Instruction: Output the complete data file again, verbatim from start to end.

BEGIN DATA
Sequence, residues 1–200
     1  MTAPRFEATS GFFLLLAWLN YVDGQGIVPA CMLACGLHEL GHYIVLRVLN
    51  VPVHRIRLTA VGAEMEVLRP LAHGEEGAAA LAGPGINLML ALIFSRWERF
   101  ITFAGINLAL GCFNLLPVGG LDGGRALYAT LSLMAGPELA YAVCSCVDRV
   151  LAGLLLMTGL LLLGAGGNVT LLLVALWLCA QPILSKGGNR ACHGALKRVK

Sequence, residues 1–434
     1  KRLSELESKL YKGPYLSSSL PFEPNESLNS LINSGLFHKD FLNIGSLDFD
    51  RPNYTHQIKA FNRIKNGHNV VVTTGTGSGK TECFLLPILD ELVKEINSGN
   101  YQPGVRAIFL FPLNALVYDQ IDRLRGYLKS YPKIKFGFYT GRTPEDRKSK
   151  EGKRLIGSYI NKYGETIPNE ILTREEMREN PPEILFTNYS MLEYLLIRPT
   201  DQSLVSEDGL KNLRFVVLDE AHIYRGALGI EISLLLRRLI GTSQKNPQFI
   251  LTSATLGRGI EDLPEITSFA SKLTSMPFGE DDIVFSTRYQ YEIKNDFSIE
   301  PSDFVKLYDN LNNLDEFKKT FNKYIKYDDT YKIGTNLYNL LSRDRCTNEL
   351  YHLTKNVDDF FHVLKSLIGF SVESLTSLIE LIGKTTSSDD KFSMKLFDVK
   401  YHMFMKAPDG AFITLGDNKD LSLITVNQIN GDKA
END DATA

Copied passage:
Sequence, residues 1–200
     1  MTAPRFEATS GFFLLLAWLN YVDGQGIVPA CMLACGLHEL GHYIVLRVLN
    51  VPVHRIRLTA VGAEMEVLRP LAHGEEGAAA LAGPGINLML ALIFSRWERF
   101  ITFAGINLAL GCFNLLPVGG LDGGRALYAT LSLMAGPELA YAVCSCVDRV
   151  LAGLLLMTGL LLLGAGGNVT LLLVALWLCA QPILSKGGNR ACHGALKRVK

Sequence, residues 1–434
     1  KRLSELESKL YKGPYLSSSL PFEPNESLNS LINSGLFHKD FLNIGSLDFD
    51  RPNYTHQIKA FNRIKNGHNV VVTTGTGSGK TECFLLPILD ELVKEINSGN
   101  YQPGVRAIFL FPLNALVYDQ IDRLRGYLKS YPKIKFGFYT GRTPEDRKSK
   151  EGKRLIGSYI NKYGETIPNE ILTREEMREN PPEILFTNYS MLEYLLIRPT
   201  DQSLVSEDGL KNLRFVVLDE AHIYRGALGI EISLLLRRLI GTSQKNPQFI
   251  LTSATLGRGI EDLPEITSFA SKLTSMPFGE DDIVFSTRYQ YEIKNDFSIE
   301  PSDFVKLYDN LNNLDEFKKT FNKYIKYDDT YKIGTNLYNL LSRDRCTNEL
   351  YHLTKNVDDF FHVLKSLIGF SVESLTSLIE LIGKTTSSDD KFSMKLFDVK
   401  YHMFMKAPDG AFITLGDNKD LSLITVNQIN GDKA